One line from that Lightfoot song reads "Superior, they said, never gives up her dead" and the bodies of the 29 were never recovered.

They are:

Michael E. Armagost, 37, Third Mate from Iron River, Wisconsin

Fred J. Beetcher, 56, Porter from Superior, Wisconsin

Thomas D. Bentsen, 23, Oiler from St. Joseph, Michigan

Edward F. Bindon, 47, First Asst. Engineer from Fairport Harbor, Ohio

Thomas D. Borgeson, 41, Maintenance Man fromDuluth, Minnesota

Oliver J. Champeau, 41, Third Asst. Engineer from Sturgeon Bay, Wisconsin

Nolan S. Church, 55, Porter from Silver Bay, Minnesota

Ransom E. Cundy, 53, Watchman from Superior, Wisconsin

Thomas E. Edwards, 50, Second Asst. Engineer from Oregon, Ohio

Russell G. Haskell, 40, Second Asst. Engineer from Millbury, Ohio

George J. Holl, 60, Chief Engineer from Cabot, Pennsylvania

Bruce L. Hudson, 22, Deck Hand from North Olmsted, Ohio

Allen G. Kalmon, 43, Second Cook from Washburn, Wisconsin

Gordon F. MacLellan, 30, Wiper from Clearwater, Florida

Joseph W. Mazes, 59, Special Maintenance Man from Ashland, Wisconsin

John H. McCarthy, 62, First Mate from Bay Village, Ohio

Ernest M. McSorley, 63, Captain from Toledo, Ohio

Eugene W. O'Brien, 50, Wheelsman from Toledo, Ohio

Karl A. Peckol, 20, Watchman from Ashtabula, Ohio

John J. Poviach, 59, Wheelsman from Bradenton, Florida

James A. Pratt, 44, Second Mate from Lakewood, Ohio

Robert C. Rafferty, 62, Steward from Toledo, Ohio

Paul M. Riippa, 22, Deck Hand from Ashtabula, Ohio

John D. Simmons, 63, Wheelsman from Ashland, Wisconsin

William J. Spengler, 59, Watchman from Toledo, Ohio

Mark A. Thomas, 21, Deck Hand from Richmond Heights, Ohio

Ralph G. Walton, 58, Oiler from Fremont, Ohio

David E. Weiss, 22, Cadet from Agoura, California

Blaine H. Wilhelm, 52, Oiler from Moquah, Wisconsin


Investigation into what may have gone wrong

Here is what the National Transportation Safety Board has posted about the incident. Note that the proceedings took place in Cleveland.

"This casualty was investigated by a U.S. Coast Guard Marine Board of Investigation which convened at Cleveland, Ohio, on November 18, 1975. A representative of the National Transportation Safety Board observed part of the proceedings. The Safety Board has considered all facts pertinent to the Safety Board's statutory responsibility to determine the cause or probable cause of the casualty and to make recommendations. The Safety Board's recommendations are made independently of any recommendations proposed by the Coast Guard. To assure public knowledge of all Safety Board recommendations, all such recommendations are published in the Federal Register. If the Coast Guard does not accept some of these Safety Board recommendations, the Coast Guard is required to set forth in detail the reasons for such refusal. This is one of the means by which the Safety Board exercises its responsibility of assessing the safety, operating, and regulatory practices of the U.S. Coast Guard."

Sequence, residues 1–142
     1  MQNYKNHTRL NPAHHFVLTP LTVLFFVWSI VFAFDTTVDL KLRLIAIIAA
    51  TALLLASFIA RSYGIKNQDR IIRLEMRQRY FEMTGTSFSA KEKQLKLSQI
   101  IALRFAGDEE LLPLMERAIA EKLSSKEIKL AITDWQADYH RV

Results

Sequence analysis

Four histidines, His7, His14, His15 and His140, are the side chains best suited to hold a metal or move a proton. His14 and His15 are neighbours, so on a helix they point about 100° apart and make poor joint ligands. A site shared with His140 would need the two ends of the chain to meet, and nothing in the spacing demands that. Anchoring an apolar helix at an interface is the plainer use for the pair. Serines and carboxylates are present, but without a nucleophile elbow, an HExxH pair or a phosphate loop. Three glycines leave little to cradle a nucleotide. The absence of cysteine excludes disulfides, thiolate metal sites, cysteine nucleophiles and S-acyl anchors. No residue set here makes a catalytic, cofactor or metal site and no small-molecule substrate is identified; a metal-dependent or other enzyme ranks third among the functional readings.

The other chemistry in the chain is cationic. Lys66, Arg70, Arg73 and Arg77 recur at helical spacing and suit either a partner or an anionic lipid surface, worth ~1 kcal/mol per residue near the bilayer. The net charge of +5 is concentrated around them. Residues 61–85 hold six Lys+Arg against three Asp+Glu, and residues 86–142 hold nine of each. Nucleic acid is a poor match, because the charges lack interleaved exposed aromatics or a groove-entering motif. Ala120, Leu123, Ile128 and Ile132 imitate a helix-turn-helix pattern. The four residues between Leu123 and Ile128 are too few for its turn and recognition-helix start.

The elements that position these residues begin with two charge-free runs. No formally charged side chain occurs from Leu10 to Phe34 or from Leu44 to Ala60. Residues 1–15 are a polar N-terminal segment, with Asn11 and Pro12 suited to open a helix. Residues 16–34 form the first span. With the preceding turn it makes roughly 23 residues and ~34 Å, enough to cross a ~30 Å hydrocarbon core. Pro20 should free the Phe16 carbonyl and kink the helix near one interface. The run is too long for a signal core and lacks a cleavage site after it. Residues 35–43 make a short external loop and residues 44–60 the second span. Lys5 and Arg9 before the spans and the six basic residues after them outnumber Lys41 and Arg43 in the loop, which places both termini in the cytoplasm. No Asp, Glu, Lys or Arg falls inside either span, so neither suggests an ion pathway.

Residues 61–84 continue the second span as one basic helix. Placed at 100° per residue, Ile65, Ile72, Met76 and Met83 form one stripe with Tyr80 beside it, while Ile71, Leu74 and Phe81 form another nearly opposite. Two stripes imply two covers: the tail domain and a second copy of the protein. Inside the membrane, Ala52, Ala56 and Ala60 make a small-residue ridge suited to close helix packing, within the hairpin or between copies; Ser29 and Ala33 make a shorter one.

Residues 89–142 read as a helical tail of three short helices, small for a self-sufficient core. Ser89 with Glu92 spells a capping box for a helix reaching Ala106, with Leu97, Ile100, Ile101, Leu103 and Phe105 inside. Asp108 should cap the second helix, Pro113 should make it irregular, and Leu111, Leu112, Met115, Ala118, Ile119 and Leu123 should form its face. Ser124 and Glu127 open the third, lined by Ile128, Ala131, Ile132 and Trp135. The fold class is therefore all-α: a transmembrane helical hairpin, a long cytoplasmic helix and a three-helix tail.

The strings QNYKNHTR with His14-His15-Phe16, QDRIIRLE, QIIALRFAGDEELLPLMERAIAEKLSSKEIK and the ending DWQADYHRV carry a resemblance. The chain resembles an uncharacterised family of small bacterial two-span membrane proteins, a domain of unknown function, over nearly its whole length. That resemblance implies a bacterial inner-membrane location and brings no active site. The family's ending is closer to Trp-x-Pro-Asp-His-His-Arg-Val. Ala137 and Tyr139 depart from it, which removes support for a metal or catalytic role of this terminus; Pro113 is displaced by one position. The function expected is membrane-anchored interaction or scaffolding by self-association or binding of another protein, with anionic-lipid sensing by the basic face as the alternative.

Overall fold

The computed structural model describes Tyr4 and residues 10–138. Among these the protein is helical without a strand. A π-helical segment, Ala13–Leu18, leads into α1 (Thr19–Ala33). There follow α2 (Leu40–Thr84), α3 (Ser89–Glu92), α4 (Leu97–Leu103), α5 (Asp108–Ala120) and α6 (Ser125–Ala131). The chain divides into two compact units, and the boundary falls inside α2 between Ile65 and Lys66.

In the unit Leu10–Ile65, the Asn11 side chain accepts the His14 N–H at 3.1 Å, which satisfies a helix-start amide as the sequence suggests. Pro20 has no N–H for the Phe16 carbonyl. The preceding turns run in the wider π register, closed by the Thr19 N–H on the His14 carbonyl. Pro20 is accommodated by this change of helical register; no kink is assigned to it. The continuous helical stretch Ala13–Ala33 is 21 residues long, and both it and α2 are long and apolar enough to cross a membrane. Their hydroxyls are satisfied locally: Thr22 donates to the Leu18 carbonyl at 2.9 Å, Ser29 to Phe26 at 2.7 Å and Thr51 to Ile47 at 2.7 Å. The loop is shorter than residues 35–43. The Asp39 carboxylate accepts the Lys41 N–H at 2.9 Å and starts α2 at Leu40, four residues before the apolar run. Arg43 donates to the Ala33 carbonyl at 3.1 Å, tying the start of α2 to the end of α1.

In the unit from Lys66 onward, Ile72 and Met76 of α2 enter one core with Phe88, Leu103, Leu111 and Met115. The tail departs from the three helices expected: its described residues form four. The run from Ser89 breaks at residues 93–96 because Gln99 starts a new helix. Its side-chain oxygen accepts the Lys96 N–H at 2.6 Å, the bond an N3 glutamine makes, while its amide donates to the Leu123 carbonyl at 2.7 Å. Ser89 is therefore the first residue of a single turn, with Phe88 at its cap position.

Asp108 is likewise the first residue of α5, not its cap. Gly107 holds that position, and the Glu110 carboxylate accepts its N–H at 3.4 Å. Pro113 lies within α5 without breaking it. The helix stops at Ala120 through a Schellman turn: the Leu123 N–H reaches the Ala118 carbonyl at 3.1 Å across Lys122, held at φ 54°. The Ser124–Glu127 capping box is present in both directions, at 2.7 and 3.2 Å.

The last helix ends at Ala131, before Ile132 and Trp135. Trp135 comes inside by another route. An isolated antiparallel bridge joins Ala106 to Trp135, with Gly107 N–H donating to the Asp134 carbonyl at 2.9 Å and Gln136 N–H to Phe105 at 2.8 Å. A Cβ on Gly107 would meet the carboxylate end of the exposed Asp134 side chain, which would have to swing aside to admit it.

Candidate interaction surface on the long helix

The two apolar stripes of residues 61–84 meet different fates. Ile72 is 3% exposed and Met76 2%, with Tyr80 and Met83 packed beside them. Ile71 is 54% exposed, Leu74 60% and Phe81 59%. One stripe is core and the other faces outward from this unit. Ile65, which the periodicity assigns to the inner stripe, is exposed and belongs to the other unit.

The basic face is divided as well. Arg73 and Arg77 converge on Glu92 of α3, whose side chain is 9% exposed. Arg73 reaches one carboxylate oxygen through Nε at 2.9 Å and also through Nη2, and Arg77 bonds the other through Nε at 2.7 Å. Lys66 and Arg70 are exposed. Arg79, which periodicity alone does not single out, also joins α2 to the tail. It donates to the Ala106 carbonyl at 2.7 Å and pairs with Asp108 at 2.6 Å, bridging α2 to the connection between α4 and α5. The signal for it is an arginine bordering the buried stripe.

"About 1915 EST on November 10, 1975, the Great Lakes bulk cargo vessel SS EDMUND FITZGERALD, fully loaded with a cargo of taconite pellets, sank in eastern Lake Superior in position 46 59.91 N, 85 06.61 W, approximately 17 miles from the entrance to Whitefish Bay, MI. The ship was traveling from Superior, WI, to Detroit, MI, and had been proceeding at a reduced 3 speed in a severe storm. All the vessel's 29 officers and crewmembers are missing and presumed dead. No distress call was heard by vessels or shore stations. The Safety Board considered many factors during the investigation including stability, hull strength, operating practices, adequacy of weathertight closures, hatch cover strength, possible grounding, vessel design, loading practices, and weather forecasting."

"The National Transportation Safety Board determines that the probable cause of this accident was the sudden massive flooding of the cargo hold due to the collapse of one or more hatch covers. Before the hatch covers collapsed, flooding into the ballast tanks and tunnel through topside damage and flooding into the cargo hold through non-weathertight hatch covers caused a reduction of freeboard and a list. The hydrostatic and hydrodynamic forces imposed on the hatch covers by heavy boarding seas at this reduced freeboard and with the list caused the hatch covers to collapse. Contributing to the accident was the lack of transverse watertight bulkheads in the cargo hold and the reduction of freeboard authorized by the 1969, 1971, and 1973 amendments to the Great Lakes Load Line Regulations."

Lake Superior is the largest of the Great Lakes in surface area and volume.

It has the capacity to contain the water volume of the four other lakes plus three additional Lake Eries. Given its immense size, it is capable of sustaining waves in excess of 33 feet, about the height of a four-story home.